If, however, you’d like to debate the merits and ethics of the closet period, which you seem to be angling for–in this particular situation, let’s do that. Focus, grasshopper. In this case a particularly effeminate man outed himself to the new york times without expressing any concern that he’d prefer to remain closeted. His family is either deeply deluded for whatever reason or reasons, or they knew he, at least, gay. I opt for the latter, as it makes much more sense. If he were concerned, then he should have expressed that to the NYT. This later complaint seems to be of a circumstance for which he is entirely culpable for not practicing discretion in, it seems…any aspect of his life with regard to his homosexuality.

  20. TANK says

    Further, the closet is only justified in extreme circumstances where the potential for harm is not only an afterthought or embarrassment, but nigh a certainty. This because of what it represents and the actual harm it perpetuates to more than just, in a specific case, the harm it causes to those proximate to it–but again, those, too. In this case, his family ties MAY (and oh brother…that’s a mighty big assumption) be temporarily strained, but he won’t be rendered homeless and forced into survival sex as a result of this outing. Mere convenience and avoidance of discomfort does not, itself, justify the closet.

  21. adam says

    The most interesting thing about this is that we never heard the story from Jason Wu’s side. All we heard was “allegedly” Wu complaint about the “outing”.

    Clearly, some jealous queens can’t stand Wu’s overnight fame and try to blackmail him. It’s a pity. It’s really shallow and it’s really bad journalism. It’s stunning that so many bitching queens are making such scathing comments, while it make little or no diffence from the hate crime that straight people put on us.

    Or are gay americans just generally shallow and self-hating under the puritan suppression?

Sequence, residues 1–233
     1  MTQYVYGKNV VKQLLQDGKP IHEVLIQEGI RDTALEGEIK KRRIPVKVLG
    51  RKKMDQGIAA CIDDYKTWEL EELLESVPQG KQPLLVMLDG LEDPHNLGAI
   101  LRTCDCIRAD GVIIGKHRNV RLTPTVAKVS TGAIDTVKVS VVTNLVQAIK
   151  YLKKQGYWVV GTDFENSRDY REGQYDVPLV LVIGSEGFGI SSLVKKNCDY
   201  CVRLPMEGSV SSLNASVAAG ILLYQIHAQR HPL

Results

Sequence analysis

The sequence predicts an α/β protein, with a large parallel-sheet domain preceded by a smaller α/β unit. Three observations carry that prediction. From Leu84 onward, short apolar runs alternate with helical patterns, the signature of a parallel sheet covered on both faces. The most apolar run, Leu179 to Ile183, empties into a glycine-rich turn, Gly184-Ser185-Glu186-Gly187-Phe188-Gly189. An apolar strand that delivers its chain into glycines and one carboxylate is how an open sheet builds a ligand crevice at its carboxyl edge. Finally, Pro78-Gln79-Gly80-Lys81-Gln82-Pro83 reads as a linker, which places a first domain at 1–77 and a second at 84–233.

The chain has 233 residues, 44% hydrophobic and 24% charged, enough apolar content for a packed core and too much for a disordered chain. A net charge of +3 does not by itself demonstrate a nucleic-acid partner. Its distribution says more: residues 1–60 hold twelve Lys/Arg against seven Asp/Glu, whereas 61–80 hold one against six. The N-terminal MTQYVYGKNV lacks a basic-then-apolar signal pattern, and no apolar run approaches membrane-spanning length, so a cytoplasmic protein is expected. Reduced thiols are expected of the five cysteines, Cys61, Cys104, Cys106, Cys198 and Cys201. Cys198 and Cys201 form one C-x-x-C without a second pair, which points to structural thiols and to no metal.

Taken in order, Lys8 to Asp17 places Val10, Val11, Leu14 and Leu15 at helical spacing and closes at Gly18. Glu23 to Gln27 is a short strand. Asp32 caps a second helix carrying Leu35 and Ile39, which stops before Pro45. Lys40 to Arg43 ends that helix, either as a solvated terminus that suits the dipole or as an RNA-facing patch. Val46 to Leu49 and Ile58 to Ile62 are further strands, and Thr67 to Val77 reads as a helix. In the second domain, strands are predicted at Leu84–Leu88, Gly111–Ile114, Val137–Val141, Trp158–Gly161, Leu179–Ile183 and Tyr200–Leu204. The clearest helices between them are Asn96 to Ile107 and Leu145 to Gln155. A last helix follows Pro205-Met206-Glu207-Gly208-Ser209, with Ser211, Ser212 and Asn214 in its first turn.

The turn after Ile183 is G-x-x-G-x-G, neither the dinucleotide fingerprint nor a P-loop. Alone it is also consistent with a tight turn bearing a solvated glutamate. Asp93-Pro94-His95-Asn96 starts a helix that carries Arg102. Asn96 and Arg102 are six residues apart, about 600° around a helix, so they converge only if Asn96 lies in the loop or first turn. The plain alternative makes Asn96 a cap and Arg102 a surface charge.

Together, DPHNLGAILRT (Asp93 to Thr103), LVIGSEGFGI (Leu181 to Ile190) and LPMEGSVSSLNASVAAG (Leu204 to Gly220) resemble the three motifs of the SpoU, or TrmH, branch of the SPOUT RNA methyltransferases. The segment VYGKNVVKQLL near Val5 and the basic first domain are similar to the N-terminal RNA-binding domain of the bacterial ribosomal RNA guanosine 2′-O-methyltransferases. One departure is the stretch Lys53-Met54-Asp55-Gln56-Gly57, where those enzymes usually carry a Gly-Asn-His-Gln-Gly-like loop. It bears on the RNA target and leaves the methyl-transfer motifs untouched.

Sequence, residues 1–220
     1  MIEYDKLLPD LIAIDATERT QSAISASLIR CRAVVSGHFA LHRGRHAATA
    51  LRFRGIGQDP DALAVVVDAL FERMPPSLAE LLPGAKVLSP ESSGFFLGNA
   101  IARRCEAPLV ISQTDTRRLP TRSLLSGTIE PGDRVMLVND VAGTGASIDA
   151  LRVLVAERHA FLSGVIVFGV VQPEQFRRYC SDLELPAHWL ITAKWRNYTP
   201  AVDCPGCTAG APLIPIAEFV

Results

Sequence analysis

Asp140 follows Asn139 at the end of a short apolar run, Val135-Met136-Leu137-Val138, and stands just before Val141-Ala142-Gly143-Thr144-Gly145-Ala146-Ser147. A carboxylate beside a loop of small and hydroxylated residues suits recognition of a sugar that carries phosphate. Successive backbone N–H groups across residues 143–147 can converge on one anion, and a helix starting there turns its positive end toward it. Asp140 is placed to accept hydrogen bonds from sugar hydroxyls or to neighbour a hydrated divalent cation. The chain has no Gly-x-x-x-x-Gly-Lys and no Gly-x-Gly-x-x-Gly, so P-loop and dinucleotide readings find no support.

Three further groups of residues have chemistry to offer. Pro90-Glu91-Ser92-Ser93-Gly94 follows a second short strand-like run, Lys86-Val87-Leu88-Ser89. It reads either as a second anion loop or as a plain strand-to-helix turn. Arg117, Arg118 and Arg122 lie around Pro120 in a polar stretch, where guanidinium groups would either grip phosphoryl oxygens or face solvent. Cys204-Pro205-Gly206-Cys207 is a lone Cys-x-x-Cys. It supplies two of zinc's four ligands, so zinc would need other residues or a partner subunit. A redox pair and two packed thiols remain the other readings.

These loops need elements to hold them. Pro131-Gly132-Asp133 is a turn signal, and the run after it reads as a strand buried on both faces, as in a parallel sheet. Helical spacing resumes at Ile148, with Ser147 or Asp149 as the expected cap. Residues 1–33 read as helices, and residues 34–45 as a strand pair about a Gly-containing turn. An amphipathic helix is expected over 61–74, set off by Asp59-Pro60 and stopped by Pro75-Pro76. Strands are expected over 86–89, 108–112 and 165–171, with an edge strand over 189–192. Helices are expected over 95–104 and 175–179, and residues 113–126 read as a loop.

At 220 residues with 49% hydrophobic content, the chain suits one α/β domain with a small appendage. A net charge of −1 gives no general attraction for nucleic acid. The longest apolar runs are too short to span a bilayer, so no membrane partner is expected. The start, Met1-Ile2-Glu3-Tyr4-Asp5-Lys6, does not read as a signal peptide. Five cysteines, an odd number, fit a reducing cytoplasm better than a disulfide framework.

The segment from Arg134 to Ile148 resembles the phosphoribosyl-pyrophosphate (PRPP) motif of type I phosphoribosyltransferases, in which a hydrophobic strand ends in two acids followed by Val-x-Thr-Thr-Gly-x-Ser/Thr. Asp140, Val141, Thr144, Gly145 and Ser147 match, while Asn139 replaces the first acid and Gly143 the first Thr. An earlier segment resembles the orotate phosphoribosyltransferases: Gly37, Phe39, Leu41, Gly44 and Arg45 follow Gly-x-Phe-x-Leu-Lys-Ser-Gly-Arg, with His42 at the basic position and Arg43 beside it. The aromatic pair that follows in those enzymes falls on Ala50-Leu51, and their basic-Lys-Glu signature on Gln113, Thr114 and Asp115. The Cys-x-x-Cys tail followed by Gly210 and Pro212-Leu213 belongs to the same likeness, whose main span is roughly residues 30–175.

22. justcurious says

    @tank: “Further, the closet is only justified in extreme circumstances…”

    What is your opinion on high school administrators outing students?

    What is your opinion on high school students outing their classmates?

  23. TANK says

    An action’s ethical value is determined solely by its consequences, and specifically the number of preferences it does, in fact, satisfy.

    As a general precept, the only one who has an ethical claim to outing one is oneself. There are obviously counterexamples, and that’s why it’s a general precept.

    However, there is a responsibility that comes with being closeted to family or everyone. Simply saying it’s the closetee’s business doesn’t really capture the truth of a ones whom he has saddled that information with in trust; it’s their business now, too. And it is his responsibility to insure that he informs them that he’d like it to stay that way. If he is remiss in sufficiently conveying it to them, and they out him, they are justified insofar as the harm it does cause is negligible–as in the case of a successful fashion designer. If they act in ignorance and the harm is more than negligible, both they and the closet case are at fault. The ones whom he has entrusted with that secret are also ethically bound to not reveal it given the potential for harm to the individual and others that they can foresee–which makes outing in malice just plain wrong if it serves no greater purpose than to harm the one in the closet. The NYT was justified, as Wu did not fulfill his responsibility, and the alleged harm was not even quality of life threatening given the information available to put through the metric.

    A school administrator hasn’t the option of outing a student who likely is both financially and legally dependent upon his or her guardians, and in which there is good reason to suspect that harm would accrue to that person given homophobia amongst peer groups, teachers, parents, etc. The same applies to students. But this needn’t apply to all people as there’s a big difference in social position between a forty year old closet case with a wife and kids and a high schooler terrified of being disowned and beaten up. Both of whom have a claim to their secret, but the potential for harm obviously differs. I think you’re referencing a specific case that I, too, am familiar.

  24. justcurious says

    @tank: thanks for your response. your thoughts on “the closet” are more nuanced than i originally interpreted them to be.

    as i mentioned earlier, i have doubts about this rumor…

    Statement from NY Times Style editor Trip Gabriel: “During his reporting, Eric Wilson asked both Wu and his partner, Gustavo Rangel, if it was okay to mention in print that they were a couple. They both consented.”

Leave A Reply